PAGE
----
Canada Promotes Indigenous Participation In Quebec Renewable Energy

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The government of Canada has announced funding to promote Indigenous participation in Quebec’s renewable energy sector.

Amarjeet Sohi, Canada’s minister of natural resources, announced more than C$230,000 in funding over two years for a project run by the First Nations of Quebec and Labrador Sustainable Development Institute (FNQLSDI) to increase the communities’ knowledge of renewable energy.

The project will involve and benefit the 43 First Nations in Quebec and Labrador, with a special focus on offgrid communities and offgrid infrastructure.

The funding will allow FNQLSDI to educate communities about the importance and advantages of renewable energy through in-person training. First Nations communities will also receive ongoing project development guidance and technical support for renewable energy projects. These types of initiatives are designed to help ensure First Nations play an important role in renewable energy projects as their communities transition away from diesel.

Funding for the project comes from the Clean Energy for Rural and Remote Communities program. The six-year, C$220 million program aims to reduce reliance on diesel in rural and remote communities by deploying and demonstrating renewable energy, encouraging energy efficiency, and building local skills and capacity. It is part of the government of Canada’s Investing in Canada infrastructure plan, which allocates more than C$180 billion over 12 years.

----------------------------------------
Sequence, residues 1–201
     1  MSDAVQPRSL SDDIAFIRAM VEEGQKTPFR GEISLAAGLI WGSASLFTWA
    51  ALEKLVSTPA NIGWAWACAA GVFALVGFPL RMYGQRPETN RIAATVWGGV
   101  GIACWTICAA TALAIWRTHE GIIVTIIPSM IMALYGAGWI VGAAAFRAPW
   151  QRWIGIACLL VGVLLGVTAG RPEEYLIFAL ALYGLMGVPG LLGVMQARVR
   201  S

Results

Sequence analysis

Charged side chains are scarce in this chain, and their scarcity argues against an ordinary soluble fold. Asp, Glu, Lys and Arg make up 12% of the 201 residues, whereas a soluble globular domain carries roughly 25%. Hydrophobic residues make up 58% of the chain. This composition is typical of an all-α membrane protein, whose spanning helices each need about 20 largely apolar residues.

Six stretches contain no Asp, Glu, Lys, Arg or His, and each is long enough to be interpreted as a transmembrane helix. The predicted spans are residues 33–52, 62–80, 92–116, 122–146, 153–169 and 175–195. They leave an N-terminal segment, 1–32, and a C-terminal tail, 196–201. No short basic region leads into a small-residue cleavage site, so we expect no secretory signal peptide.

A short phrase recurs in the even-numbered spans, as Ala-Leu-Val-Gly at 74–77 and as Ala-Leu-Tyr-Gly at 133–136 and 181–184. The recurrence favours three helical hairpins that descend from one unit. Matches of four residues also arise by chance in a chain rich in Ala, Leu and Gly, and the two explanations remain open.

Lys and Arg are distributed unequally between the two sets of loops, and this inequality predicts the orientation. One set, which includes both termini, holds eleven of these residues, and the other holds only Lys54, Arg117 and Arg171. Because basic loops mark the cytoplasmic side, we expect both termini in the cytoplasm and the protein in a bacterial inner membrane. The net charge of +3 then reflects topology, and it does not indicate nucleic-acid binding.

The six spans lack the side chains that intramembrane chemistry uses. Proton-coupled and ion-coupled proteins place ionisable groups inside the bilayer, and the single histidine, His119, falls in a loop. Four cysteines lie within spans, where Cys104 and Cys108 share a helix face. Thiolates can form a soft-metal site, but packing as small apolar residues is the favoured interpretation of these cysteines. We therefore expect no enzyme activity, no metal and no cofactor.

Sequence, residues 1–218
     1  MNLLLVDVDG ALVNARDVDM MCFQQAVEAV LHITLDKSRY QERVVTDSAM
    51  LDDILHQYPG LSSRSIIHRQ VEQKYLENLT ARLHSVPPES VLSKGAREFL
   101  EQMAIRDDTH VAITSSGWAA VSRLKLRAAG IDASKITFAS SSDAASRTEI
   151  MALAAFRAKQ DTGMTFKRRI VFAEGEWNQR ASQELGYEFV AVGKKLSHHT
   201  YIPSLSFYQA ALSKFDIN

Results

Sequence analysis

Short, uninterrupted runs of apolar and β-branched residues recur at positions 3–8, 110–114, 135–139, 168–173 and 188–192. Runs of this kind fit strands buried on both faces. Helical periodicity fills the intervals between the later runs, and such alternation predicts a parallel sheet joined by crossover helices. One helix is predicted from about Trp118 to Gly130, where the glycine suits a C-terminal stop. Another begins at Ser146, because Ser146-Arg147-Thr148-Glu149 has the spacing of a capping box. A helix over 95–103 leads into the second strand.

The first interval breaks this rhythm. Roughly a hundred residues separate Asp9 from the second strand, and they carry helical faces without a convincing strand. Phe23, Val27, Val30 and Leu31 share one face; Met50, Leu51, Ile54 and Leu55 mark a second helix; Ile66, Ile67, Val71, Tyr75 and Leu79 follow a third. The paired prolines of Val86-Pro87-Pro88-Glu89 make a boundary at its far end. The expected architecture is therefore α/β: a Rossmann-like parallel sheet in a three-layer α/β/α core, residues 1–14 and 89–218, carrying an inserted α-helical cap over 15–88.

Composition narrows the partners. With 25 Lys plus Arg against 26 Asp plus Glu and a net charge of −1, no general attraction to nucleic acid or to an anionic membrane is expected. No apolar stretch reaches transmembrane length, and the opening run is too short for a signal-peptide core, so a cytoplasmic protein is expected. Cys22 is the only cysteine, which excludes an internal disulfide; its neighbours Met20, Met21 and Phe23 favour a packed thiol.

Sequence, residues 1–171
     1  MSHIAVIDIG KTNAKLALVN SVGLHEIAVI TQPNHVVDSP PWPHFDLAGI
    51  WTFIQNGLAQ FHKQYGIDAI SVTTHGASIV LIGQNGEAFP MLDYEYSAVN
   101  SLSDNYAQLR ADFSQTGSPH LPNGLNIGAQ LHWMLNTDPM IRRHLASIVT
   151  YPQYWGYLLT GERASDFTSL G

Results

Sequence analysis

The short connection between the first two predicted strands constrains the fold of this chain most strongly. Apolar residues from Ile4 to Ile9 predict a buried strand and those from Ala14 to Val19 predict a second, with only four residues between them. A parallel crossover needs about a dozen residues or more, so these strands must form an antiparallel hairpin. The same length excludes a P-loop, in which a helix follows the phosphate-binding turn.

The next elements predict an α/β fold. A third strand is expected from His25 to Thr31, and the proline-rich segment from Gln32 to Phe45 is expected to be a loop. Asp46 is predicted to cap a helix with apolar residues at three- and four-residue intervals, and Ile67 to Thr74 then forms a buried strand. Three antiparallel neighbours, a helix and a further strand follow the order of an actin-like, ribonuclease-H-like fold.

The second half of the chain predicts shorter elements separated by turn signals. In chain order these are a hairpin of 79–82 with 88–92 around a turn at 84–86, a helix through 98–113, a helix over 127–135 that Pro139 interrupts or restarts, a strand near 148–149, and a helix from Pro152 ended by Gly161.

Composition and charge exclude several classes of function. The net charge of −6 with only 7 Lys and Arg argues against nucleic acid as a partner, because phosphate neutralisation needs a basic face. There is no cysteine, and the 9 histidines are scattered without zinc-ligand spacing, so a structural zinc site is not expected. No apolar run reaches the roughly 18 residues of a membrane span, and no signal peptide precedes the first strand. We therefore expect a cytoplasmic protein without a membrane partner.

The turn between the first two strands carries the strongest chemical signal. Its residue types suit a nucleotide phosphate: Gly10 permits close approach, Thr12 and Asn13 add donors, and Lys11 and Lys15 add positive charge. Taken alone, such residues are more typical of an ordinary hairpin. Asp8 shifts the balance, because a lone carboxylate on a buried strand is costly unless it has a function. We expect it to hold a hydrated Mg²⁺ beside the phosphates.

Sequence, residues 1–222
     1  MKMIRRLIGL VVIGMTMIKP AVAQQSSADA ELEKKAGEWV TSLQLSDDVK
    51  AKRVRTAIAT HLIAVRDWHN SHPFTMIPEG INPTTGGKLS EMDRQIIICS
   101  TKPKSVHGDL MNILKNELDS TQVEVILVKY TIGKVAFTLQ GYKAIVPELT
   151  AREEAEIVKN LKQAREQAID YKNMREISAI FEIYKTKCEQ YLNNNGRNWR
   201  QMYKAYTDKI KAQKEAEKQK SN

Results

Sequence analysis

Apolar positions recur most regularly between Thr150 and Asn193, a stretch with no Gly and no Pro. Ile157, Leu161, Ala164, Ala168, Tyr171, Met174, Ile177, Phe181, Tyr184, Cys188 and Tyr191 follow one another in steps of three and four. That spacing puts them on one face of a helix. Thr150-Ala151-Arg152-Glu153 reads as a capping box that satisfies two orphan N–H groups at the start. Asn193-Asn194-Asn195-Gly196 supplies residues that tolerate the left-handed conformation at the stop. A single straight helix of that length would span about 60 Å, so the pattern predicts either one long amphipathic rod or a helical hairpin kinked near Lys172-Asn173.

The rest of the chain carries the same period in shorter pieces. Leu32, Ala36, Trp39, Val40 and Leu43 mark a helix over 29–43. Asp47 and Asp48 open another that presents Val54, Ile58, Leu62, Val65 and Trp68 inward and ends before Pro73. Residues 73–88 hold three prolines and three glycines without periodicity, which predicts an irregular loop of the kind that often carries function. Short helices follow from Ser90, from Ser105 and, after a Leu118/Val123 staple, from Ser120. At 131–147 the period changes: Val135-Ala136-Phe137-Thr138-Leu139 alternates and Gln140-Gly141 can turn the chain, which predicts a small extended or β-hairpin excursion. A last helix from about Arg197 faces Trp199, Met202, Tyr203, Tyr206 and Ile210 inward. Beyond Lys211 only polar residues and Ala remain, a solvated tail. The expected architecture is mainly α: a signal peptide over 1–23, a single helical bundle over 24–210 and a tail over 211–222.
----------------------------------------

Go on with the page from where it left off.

“This project is designed to better equip First Nations communities with the necessary skills and training to become more involved in the management of renewable energy resources on traditional lands,” says Sohi. “The government of Canada is proud to work with Indigenous partners so that they can take ownership of their energy production, create good jobs and boost the local economy, while helping to reduce emissions.”

“The circuit rider program will benefit First Nation communities in Quebec by building capacity and raising awareness,” adds Michael Ross, executive director of FNQLSDI. “By investing in this project, the government of Canada is helping to create a stepping stone for First Nation communities in developing concrete renewable energy infrastructure projects that currently rely on older non-renewable methods.”

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